This is a new thing I want to try for my blog. A 5 in 5. 5 things on a particular topic that should only take about 5 minutes to read (Ok, I went a bit overboard this time but I got carried away!)
When I write posts on this blog (and let’s be honest, it’s not OVERLY frequent) I find it’s pretty much purely my advice or my thoughts. I find that odd because, in real life, I spend much time asking advice from other people and taking on board their ideas. That’s why, for this blog post I thought I’d share practice I’ve seen in other schools (whilst on placement), heard other teachers doing in my own school or just through Twitter or blogs. I can’t remember specifically where every idea came from so I just want to make it clear I did not come up with these. They are “magpied” 😉
- Make songs from EVERYTHING.
This is quite a general one but I find it so effective, especially if your class respond well to music. As I can pick out chords on a guitar I generally write my own but even if you can’t play an instrument, you can still re-work existing songs. For example, we have our own class song, with remixed lyrics to Castle on the Hill by Ed Sheeran. I’m currently writing a song to go with our topic on teeth (in the theme of the 12-bar blues, get me). I know another teacher in my school uses song a lot and re-worked Adele’s Hello to teach them about perimeter and area (it was a treat). There are so many karaoke videos on YouTube with backing tracks if you can’t play an instrument and it’s just a really fun way of getting what would otherwise be quite dull facts or rules into the children’s heads.
2. Have a break, have a brain break.
Brain breaks are LIFE when you have a fussy class. We usually have one in between maths and English, but if we’re doing a particularly long piece of writing in English, we might stop halfway through to refocus the children. I struggled to think of some initially, but after Googling it, found loads! I wrote down the name of each one on a lollipop stick and get a child to pick one out. They’re quick, easy to explain and just give the children the chance to shake it off and refocus.
3. Ello’, ello’, ello’.
This is my version of “punctuation police” often seen in classrooms. Normally, children who are proficient in punctuation move around the room, checking for their peers’ capital letters, full stops etc. I want to build up to this but as we are only a week into term, I don’t know yet who would be suitable for this. So instead, I get my puppet flamingo to do the job for me. Yes, you heard correctly. Gloria is my fluffy flamingo puppet who sits on my arm and sometimes comes out of the reading corner for a wander. If she sees work without a piece of important punctuation…well. I’ll let you finish that sentence. Basically, her presence just reminds the children that they need to be putting in their punctuation, whilst bringing a bit of amusement to the classroom. I am sparing with when I use her and something like this may not work with upper KS2 – but my lot love it!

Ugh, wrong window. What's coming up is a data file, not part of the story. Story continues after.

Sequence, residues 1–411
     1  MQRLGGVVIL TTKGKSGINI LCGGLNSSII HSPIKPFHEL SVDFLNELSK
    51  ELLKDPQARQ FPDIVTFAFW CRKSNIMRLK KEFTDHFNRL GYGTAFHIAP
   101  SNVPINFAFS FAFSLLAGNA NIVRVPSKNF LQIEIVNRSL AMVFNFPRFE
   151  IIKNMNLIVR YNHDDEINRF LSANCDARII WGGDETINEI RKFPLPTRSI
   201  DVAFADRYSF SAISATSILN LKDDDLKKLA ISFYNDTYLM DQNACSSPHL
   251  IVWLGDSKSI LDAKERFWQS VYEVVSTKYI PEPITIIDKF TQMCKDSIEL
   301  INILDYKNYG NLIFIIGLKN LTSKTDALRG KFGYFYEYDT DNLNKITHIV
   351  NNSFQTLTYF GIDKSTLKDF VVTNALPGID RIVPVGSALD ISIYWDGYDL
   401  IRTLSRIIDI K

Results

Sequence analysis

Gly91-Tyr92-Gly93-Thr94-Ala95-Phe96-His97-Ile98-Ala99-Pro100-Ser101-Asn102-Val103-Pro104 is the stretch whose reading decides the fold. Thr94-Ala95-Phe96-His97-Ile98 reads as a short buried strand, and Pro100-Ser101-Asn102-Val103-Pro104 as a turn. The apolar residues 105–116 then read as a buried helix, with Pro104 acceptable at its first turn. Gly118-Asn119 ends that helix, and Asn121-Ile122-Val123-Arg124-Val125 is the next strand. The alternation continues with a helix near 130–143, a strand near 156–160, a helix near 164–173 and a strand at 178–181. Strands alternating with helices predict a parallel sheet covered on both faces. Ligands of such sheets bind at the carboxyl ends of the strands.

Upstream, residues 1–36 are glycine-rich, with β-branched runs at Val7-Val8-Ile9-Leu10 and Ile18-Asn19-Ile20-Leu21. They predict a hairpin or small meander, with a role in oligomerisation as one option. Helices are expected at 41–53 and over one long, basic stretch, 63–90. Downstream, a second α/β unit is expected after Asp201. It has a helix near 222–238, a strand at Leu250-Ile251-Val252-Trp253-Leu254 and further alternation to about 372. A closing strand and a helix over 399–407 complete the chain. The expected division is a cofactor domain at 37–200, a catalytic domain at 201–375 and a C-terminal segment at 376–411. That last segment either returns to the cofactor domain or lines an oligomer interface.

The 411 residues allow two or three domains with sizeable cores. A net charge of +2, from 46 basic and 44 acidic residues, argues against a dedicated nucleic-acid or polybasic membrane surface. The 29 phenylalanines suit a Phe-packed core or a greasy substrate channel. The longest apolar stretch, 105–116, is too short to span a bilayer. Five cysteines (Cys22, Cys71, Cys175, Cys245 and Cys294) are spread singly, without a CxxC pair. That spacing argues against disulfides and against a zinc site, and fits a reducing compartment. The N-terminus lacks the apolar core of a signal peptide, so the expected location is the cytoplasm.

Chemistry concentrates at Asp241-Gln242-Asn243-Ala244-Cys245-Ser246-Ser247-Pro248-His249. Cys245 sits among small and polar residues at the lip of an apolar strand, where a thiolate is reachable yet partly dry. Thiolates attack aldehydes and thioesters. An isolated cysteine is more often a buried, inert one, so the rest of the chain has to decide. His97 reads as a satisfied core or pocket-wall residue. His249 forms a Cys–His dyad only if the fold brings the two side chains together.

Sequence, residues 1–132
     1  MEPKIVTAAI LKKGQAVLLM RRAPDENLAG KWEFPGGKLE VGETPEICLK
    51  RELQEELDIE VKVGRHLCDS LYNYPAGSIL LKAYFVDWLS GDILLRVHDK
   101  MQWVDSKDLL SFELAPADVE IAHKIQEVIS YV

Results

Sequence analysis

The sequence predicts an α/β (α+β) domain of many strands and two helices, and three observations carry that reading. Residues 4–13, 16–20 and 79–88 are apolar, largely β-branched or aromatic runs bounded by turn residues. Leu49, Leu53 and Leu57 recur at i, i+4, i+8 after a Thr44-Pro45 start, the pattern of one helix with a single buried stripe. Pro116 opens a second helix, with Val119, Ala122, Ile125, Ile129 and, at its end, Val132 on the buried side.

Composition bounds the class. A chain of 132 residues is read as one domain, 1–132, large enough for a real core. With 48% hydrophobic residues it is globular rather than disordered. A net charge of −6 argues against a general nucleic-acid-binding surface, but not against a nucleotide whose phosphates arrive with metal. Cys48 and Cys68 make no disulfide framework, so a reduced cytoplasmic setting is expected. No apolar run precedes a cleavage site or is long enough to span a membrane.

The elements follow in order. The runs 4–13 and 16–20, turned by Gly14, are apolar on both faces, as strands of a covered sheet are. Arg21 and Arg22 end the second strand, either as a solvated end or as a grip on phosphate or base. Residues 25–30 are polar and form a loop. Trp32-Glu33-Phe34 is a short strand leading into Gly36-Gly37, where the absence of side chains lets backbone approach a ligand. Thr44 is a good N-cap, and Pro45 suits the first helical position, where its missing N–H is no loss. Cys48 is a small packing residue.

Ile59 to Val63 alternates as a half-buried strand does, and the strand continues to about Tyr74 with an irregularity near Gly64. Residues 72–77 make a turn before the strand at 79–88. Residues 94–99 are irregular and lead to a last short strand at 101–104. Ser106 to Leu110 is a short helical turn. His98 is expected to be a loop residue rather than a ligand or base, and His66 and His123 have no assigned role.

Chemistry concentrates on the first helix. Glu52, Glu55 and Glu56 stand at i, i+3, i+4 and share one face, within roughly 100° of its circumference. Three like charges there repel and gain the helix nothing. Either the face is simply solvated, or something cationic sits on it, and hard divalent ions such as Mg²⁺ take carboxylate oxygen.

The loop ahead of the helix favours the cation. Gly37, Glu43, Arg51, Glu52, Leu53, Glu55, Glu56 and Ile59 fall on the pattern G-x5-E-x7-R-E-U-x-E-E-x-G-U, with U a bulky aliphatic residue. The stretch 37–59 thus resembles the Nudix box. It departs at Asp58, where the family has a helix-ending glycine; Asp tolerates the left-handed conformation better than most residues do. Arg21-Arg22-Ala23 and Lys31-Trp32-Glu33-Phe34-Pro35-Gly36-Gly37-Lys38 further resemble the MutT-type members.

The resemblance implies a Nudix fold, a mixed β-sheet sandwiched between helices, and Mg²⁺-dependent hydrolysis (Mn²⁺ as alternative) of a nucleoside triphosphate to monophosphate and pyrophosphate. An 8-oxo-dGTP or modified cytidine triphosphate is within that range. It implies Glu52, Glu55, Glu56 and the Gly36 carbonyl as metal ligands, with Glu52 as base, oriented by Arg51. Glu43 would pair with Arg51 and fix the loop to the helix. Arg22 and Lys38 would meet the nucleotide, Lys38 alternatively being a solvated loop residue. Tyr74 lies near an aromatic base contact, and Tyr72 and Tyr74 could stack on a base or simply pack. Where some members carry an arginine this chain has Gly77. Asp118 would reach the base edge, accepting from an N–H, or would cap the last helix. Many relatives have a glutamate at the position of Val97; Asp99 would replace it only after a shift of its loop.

4. Using song lyrics for comprehension practice.
Comprehension, particularly PEE (point, evidence, explanation) questions, are so important now, especially moving into upper KS2 in prep for the SATs. However, it can be a bit dull. Spice it up by using song lyrics! I saw this on Twitter last year and thought it was amazing. Find some song lyrics (for example, the first verse and bridge to Castle on the Hill). The children, on the whole, will instantly become engaged as it is something they are interested in and know about. The question I asked with this one was “how do you think Ed Sheeran feels about his childhood?” They had to answer using the PEE structure. Obviously, you can’t spend the whole year just looking at song lyrics, but for initially teaching how to pull evidence from the text and cover the three stages, it’s great!
5. Musical Chairs.
My work BFF introduced me to this one for an observation and I’ve never looked back! I don’t know if he thought of it himself or if he saw it elsewhere but either way it’s great. The basic ideas is that of peer assessment. Halfway through the lesson as a mini-plenary, get the children to stand up and tuck in their chairs. Put on some music (I quite like this one here: https://www.youtube.com/watch?v=UcCHRW8G9yY) and get them to move around the room. When the music stops, they stop on the chair they are on, sit down and peer assess the work. If you have the time, leave a post-it note on each book and get them to write down two stars and a wish, or however your school mark. Great bit of AfL, generates good discussion, plus it doubles up as a brain break as they are physically moving. Everyone’s a winner!
I hope you enjoyed these ideas for lessons. I’ve loved using them and will continue to do so. Have you seen any little activities or ideas? Please share them in the comments!